Sarah O'Brien, editor of Boston Accent Lit, is a bare-faced poet. A character tells her persona:
we wear hearts onNote: not sleeves, but arms--even closer than one's sleeve.
our arms, that’s what
makes an Irishman.
Her persona goes through "a menagerie of moans"--moans of physical pain, sexual pleasure, and lost love. She pines like Dante or Yeats for an unrequited love, who cannot seem to love her in the way she wants love and yet that barrier doesn't stop her from loving--despite or because of his marriage to someone else.
Sometimes the love is enough, sometimes not. "You can’t scandalize me," she writes to the "American Jackal." In "Write Back Soon" as the title suggests she feels conflicted, speaks of her dog's "whimpering.... abandonment issues," sweet talks with metaphor of her being toast and melted butter (she is melting and causing the melting) and ends by warning the lover to "keep your distance." Likewise, in an untitled poem she "send[s] love into the universe / without a return address" and at expects "something good" but ends up expecting "nothing good."
A few titles demarcate what's best about these verses:
- If There Is Something to Say, Say It
- Silent Treatment in Salem
- Instead of Killing Myself ("offer my body to any mosquito")
Some lines are inspired:
I love weirdness like when a boy
reaches across me to scratch a blue wall.
When I want to see if a plant is real,
I feel its leaves: fake.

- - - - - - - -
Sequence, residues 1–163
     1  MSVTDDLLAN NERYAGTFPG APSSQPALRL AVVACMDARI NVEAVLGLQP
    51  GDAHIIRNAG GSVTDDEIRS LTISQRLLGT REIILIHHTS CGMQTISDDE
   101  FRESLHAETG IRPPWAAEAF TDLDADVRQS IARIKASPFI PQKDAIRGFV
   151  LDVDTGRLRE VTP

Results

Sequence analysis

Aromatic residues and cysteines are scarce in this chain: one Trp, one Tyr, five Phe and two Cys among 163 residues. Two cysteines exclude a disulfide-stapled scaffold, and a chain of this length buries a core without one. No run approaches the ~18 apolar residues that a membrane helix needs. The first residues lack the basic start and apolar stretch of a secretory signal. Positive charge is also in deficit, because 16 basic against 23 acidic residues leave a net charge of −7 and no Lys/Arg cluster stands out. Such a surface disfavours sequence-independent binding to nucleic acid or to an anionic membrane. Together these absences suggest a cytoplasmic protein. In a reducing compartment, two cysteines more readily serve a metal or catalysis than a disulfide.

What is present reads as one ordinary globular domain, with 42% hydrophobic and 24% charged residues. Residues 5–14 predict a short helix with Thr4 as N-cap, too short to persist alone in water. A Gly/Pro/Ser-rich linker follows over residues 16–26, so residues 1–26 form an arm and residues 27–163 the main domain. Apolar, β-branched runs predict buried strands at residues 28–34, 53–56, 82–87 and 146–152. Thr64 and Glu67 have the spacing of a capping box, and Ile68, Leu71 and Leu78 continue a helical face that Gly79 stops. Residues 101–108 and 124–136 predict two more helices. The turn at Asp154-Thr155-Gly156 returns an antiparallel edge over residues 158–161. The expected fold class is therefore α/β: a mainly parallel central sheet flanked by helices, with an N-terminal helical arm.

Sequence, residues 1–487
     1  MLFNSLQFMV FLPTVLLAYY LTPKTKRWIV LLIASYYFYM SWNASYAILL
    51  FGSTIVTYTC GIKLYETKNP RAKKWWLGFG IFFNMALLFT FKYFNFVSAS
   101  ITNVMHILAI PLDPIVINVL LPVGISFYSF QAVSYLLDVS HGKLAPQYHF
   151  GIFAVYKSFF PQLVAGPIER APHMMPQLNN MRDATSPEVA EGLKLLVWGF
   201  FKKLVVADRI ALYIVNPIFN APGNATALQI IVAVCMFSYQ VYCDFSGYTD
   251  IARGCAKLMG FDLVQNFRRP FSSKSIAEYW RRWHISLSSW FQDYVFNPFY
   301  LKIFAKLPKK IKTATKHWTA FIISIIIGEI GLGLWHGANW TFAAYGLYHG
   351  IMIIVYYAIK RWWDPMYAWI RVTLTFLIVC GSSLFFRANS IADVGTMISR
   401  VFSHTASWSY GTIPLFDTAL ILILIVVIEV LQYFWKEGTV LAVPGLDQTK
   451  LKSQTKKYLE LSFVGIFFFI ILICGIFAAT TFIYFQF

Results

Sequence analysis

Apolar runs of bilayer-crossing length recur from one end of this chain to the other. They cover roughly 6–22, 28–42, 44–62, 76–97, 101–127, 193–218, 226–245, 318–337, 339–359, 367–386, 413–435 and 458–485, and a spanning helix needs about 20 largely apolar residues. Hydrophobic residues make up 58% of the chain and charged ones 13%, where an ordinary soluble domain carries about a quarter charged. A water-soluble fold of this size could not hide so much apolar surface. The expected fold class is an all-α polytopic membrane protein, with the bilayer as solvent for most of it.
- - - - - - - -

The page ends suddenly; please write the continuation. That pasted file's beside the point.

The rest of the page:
What are your intentions, gardener?
What will you grow with all this time?
[from "With All This Time"]and
If I leave this poem early
will you come back to
[from "Irish Goodbye" which segues into the next poem "Twist" and its multiple senses]
The poems are her persona's life and livelihood as she points in "Love Letter to Late Capitalism." Just when she thinks "When I Think I’m Out of Poems," an older woman finds a lost necklace and asks the persona to put it on and "she turns the corner."
But the best poem is "Time Zone":
I love long walks on clichés.
You want me to hear home
walking on Main Street.
I homed here in the past tense.
You never visited.
In past tense, I ask a man to bed:
No labels heavy like a weighted blanket.
No fingering the sheets
as I touch tongue to collarbone.
You think I’m easy. Well, fuck. I am.
My black boots make me famous.
I leave dignity at the baggage claim,
craving conversation in clouds.
You’re only halfway meeting me anywhere.
I wanna be caught by absolute surprise.
If you long for the ache of hunting and being haunted by love, Sarah O'Brien's Dancing on a Dead-End Street [link to chapbook] may cure what ails you.